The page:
The Philippines today is the largest exporter/supplier of affordable domestics–about nine or ten million Filipino OCWs (Overseas Contract Workers), out of eighty million Filipinos at home shuttle back and forth (San Juan 2001). Everyday, approximately 2,600 Filipinos leave for abroad—not as tourists but as low-paid workers. Some were especially recruited to build the metal cages of the Taliban prisoners in Guantanamo, Cuba. As I noted in my book, After Postcolonialism, something monstrously perverse has been inflicted on Filipinos when they are called “transnationals”: “What could be more muddled than the notion that all nation-states are equal in power and status, making the newly arrived Filipina ‘transmigrant’ indistinguishable from the white American middle-class suburbanite?” (San Juan 2000, 91). Unfortunately, this is a noticeable reflex vitiating many commentaries dealing with the situation of migrant workers in the care-giving sector. In a recent article on globalization, Fredric Jameson refers to this patronizing syndrome: “American blindness can be registered, for example, in our tendency to confuse the universal and the cultural, as well as to assume that in any given geopolitical conflict all elements and values are somehow equal and equivalent; in other words, are not affected by the disproportions of power” (1998, 59). Part of the reason is the habit of ignoring the social division of labor as constitutive of material social relations, not just an affect of status or roles, of identity as life-style and consumption pattern, following the well-beaten track of neoWeberian gospel and other not-so-polite modes of reconciling antagonistic forces.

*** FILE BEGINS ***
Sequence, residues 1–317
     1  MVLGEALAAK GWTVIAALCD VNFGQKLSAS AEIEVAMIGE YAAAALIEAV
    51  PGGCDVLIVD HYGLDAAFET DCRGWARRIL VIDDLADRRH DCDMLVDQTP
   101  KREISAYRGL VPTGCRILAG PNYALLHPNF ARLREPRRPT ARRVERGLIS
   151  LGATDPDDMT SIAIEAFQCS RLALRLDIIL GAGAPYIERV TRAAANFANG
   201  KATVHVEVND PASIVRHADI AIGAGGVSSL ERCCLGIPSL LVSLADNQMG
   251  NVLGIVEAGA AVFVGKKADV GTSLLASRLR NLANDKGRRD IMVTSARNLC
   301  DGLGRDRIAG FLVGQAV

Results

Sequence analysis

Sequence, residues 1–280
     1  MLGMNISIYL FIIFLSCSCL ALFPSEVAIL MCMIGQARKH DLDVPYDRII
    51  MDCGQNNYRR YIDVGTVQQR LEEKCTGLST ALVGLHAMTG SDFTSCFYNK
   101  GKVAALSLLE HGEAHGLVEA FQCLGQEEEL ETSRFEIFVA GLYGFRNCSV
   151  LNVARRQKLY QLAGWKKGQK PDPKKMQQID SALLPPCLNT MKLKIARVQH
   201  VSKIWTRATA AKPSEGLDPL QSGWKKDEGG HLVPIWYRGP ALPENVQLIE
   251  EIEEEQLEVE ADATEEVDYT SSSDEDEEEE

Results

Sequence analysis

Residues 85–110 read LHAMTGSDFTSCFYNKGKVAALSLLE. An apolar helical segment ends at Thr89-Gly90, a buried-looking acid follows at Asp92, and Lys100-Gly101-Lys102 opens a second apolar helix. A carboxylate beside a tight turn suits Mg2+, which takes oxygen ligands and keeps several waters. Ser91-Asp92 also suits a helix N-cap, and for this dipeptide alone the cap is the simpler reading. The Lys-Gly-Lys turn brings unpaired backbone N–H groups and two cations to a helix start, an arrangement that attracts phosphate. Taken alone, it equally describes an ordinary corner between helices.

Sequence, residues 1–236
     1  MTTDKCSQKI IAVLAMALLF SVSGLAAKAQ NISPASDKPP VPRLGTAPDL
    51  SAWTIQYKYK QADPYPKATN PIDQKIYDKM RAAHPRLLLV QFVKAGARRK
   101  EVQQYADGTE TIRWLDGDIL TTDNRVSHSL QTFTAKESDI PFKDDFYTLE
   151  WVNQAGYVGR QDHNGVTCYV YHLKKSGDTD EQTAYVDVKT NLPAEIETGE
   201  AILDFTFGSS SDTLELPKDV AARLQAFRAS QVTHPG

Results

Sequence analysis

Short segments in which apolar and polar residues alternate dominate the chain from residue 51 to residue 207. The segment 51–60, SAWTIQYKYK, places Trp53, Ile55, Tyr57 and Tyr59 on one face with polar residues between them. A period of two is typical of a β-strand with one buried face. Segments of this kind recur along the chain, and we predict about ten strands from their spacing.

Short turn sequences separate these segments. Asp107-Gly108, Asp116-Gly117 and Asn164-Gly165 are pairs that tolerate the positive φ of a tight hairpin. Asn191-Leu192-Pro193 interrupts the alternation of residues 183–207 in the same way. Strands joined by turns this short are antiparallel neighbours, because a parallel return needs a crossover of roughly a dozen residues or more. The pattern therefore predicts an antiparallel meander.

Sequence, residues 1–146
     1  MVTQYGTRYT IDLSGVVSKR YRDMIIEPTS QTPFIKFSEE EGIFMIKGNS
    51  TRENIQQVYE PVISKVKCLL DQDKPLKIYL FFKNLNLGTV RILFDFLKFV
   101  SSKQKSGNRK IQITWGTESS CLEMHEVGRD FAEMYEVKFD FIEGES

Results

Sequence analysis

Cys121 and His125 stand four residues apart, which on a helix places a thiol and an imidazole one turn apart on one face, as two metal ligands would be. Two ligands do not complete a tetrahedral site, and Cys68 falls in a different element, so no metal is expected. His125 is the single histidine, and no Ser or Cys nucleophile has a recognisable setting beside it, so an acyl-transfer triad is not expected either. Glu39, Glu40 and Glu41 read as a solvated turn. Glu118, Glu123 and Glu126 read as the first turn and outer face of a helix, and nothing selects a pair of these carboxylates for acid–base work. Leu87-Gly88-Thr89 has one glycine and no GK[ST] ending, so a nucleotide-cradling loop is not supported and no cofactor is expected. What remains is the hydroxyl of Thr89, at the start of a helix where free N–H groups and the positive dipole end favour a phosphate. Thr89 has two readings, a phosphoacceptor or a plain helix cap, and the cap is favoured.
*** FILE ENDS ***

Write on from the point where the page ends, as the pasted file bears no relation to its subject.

And so we can agree on the face of bare empirical accounting that “trans” doesn’t translate into equality or parity. In the conventional sense, “trans” designates a moment or event of “going beyond,’ so that “transnationalism” is used to convey the easily accomplished disappearance of the nation or nation-state despite the United Nations and other international bodies. Should we then conceive of “transnationalism” as an epochal transcendence of the “nation” and nationalism? Some offer qualifications that the national sovereignty specifically of underdeveloped formations has been usurped by global institutions expressing G-8 interests, primarily the U.S. Or, in another register, how the European Community has sublated peculiar national interests within one normative ethos despite the persistence of distinct sovereignties?